Field Day at All Points East
After a relentless washout of a damp British summer, finally, the planets aligned and delivered an absolute stunner of a weekend for Field Day.
It seemed all of East London had descended on Victoria Park for the electro instalment of All Points East Festival on Saturday. Perhaps a reflection of the times we’re in, the raver bro-heavy crowds of yesteryear (its first edition dates back to 2007) seemed to have given way to a far more eclectic mix, and the people-watching opportunities offered by the crème de la crème of the city’s oh-so-2023 hipsters flooding the festival grounds – in fashion trends that spanned from 90s cargo pants and croptops to punk and goth, markedly celebrating gender fluidity and freedom of expression – were as much a source of entertainment as the music.
In terms of organisation and layout, the daytime was just a pure pleasure to indulge in: plenty of space to get to the front row or hang back and sprawl on the grass with a beverage in hand for the already solid starters for the lineup. The impressive BBC 6 Music tent, in particular, was a beauty to dance beneath when the bigger acts weren’t beckoning, with its art installation-esque black arches.
As the day wore on, however, the back-to-back sets and hordes of people gave off more of a frenzied feeling, as disparate chains of inebriated mates tore from East to West stage and in and out of the arena to catch snippets of overlapping gigs of an overloaded schedule. Still, too many great acts to catch in record time is arguably a nice problem to have.
Canadian-born, London-based Jayda G was an undoubted highlight of the mid-afternoon. A force of joy and positivity, cutting some serious shapes atop the stage in a teal sequined jumpsuit, she blasted out track after track, ending on the sound of the summer, the Grammy-nominated Both of Us, “I just want to be with you” providing the ultimate accompaniment to dancing in the sunshine.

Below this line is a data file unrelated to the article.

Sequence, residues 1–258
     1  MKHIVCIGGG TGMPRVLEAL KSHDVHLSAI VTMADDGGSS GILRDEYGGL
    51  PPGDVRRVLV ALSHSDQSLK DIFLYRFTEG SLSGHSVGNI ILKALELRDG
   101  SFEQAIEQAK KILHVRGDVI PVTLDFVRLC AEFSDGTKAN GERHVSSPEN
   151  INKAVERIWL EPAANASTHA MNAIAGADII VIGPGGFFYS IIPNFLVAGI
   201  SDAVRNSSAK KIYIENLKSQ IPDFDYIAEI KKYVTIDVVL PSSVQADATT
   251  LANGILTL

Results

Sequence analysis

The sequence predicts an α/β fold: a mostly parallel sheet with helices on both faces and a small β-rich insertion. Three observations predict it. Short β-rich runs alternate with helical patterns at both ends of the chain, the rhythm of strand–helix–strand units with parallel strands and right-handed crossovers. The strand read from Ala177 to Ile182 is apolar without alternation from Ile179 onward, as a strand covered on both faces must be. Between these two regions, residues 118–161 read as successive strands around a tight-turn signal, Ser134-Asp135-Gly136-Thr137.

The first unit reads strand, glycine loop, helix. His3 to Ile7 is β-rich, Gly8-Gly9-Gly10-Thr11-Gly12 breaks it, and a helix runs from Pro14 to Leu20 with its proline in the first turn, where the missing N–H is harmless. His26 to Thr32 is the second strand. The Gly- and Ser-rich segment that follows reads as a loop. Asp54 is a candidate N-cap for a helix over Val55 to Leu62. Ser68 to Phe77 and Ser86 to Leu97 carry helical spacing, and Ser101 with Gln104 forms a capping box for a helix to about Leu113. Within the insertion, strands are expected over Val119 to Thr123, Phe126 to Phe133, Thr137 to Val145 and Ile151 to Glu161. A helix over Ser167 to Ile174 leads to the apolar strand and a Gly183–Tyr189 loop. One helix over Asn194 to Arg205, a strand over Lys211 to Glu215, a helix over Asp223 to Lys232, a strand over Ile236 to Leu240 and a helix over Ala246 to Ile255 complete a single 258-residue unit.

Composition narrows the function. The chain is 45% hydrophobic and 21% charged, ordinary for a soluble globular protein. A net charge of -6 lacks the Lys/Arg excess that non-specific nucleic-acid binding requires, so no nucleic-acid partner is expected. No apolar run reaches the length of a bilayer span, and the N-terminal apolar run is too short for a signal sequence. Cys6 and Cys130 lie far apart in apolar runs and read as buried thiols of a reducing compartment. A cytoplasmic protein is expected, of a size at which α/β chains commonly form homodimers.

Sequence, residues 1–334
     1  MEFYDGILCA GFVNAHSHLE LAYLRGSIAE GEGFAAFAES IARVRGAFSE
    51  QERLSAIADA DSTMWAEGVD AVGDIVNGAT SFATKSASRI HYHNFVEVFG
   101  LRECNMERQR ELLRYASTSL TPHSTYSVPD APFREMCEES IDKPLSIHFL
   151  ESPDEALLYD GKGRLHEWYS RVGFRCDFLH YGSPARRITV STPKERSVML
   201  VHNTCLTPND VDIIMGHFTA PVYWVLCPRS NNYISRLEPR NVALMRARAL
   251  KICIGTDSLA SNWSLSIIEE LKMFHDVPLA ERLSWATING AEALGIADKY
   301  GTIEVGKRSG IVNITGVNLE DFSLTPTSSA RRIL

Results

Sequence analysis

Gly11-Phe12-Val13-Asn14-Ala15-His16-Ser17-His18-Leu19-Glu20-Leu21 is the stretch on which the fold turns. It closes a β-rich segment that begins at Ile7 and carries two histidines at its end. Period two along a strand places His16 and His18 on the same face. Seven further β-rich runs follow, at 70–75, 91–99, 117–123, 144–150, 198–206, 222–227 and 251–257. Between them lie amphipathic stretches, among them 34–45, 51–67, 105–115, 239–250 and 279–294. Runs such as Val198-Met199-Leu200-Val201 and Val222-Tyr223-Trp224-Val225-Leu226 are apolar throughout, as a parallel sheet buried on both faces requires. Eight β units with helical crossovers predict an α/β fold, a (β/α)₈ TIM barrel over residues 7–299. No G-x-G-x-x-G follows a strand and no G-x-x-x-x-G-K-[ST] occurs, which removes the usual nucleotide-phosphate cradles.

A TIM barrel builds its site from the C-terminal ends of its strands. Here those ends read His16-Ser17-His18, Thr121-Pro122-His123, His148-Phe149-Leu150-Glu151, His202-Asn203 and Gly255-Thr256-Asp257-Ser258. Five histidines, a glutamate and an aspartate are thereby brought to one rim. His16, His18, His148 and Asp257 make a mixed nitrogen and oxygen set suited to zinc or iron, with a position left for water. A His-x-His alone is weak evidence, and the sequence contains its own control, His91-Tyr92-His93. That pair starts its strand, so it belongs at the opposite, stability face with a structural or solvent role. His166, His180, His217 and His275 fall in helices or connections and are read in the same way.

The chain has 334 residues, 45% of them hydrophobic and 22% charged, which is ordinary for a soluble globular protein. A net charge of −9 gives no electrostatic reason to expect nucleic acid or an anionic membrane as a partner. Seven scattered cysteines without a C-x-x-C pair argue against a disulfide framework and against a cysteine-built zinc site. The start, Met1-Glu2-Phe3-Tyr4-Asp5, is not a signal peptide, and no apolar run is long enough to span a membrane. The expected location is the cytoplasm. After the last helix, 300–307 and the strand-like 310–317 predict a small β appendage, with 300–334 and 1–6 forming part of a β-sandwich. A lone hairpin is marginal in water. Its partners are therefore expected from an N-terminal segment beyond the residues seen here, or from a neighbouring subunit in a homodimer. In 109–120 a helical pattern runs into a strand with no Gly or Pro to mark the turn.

The likes of Fever Ray, formerly of The Knife, also brought out-there outfits and experimental sounds to the East Stage, as did Arca, a cataclysm of percussive and discordant beats against a rose-bedecked space.
Over on the West Stage, purple leather-clad Sudan Archives was a force to be reckoned with on her avant-garde violin; Jon Hopkins brought his trademark mix of more edgy techno and hypnotic psychedelics, while Bonobo, aka Simon Green, used the full gamut of instrumentation at his disposal for a stunning, if mellow, live performance.
But while the outdoor stages had the blissful allure of al fresco raving, it was the Cupra North Arena that unexpectedly held some of the best moments of the day. SBTRKT was sensational, bringing killer bassy tracks such as New Dorp. New York well suited to the moody interior of the tent. Closing number Wildfire, his collaboration with Little Dragon, combining dubstep-infused, urban, wonky beats with witty, sultry vocals (“Your innocence, who’s brave? / Drowning in, would you save me?”), set the crowd alight.
Later, it was the inimitable German supergroup Moderat who sent an electric atmosphere pulsing through a thronging pack of festivalgoers, with Berlin-scene progressive house numbers such as A New Order and the transporting Bad Kingdom, backed with black-and-white illustrations, had everyone chiming in unison: “This is not / What you wanted / Not / What you had in mind.”
Then it was on to Aphex Twin, aka Richard D James. There always seems to be one drawback to the headline act at All Points East: after a packed lineup, it can feel slightly anti-climatic if the energy doesn’t match the adrenaline of the day, not helped by a rather conservative soundsystem volume level. Nevertheless, his mesmerising visuals and boundary-pushing take on electronic music, bringing together all the park’s attendees to one place underneath a crisp summer night sky, felt euphoric and displayed why he is one of the most influential artists of recent decades in the genre.
Even if not every act on the bill was a favourite, Field Day remains hands-down one of the best day festivals you can find, which also reflects and brings out the best in London – a heartwarming display of its diversity, inclusivity, free-spirited and fun-loving vibes, accentuated by the much-missed sunshine. And it’s precisely its cutting-edge range of alternative artists that can surprise and delight. Bringing the underground out into the fresh air, it’s quite literally a field day for ravers and electronic music lovers.
Photos: Ambra Vernuccio
For further information and future events visit Field Day’s website here.